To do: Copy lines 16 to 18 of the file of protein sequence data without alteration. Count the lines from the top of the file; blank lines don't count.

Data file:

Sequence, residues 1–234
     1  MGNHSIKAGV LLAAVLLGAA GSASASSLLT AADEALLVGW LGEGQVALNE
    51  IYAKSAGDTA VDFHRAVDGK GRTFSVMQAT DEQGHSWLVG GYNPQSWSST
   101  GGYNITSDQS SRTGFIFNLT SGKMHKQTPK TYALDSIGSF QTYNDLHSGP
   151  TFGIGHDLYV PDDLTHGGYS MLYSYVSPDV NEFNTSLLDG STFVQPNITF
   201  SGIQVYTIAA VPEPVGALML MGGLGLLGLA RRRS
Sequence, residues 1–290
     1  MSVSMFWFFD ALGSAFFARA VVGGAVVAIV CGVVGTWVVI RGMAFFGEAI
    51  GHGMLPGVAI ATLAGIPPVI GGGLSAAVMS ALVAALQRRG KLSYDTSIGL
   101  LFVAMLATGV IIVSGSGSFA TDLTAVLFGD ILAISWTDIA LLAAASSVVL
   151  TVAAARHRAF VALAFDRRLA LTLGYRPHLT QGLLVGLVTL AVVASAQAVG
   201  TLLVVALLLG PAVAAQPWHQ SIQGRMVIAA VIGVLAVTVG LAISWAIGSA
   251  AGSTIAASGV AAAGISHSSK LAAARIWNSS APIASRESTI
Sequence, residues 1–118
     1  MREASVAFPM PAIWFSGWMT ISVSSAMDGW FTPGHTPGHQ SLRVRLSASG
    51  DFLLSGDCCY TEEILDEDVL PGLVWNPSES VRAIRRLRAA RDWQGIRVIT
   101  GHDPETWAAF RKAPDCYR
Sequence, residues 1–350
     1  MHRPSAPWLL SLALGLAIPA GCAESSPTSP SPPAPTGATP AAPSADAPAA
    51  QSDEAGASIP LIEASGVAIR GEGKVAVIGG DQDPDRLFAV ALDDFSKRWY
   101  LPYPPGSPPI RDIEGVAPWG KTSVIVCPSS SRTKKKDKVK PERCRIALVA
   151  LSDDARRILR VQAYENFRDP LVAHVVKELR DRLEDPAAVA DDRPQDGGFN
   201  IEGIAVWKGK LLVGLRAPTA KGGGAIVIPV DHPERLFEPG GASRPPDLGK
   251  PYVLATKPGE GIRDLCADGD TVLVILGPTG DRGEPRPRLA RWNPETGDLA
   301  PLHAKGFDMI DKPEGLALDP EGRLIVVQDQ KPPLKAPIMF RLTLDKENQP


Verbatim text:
    51  DFLLSGDCCY TEEILDEDVL PGLVWNPSES VRAIRRLRAA RDWQGIRVIT
   101  GHDPETWAAF RKAPDCYR
Sequence, residues 1–350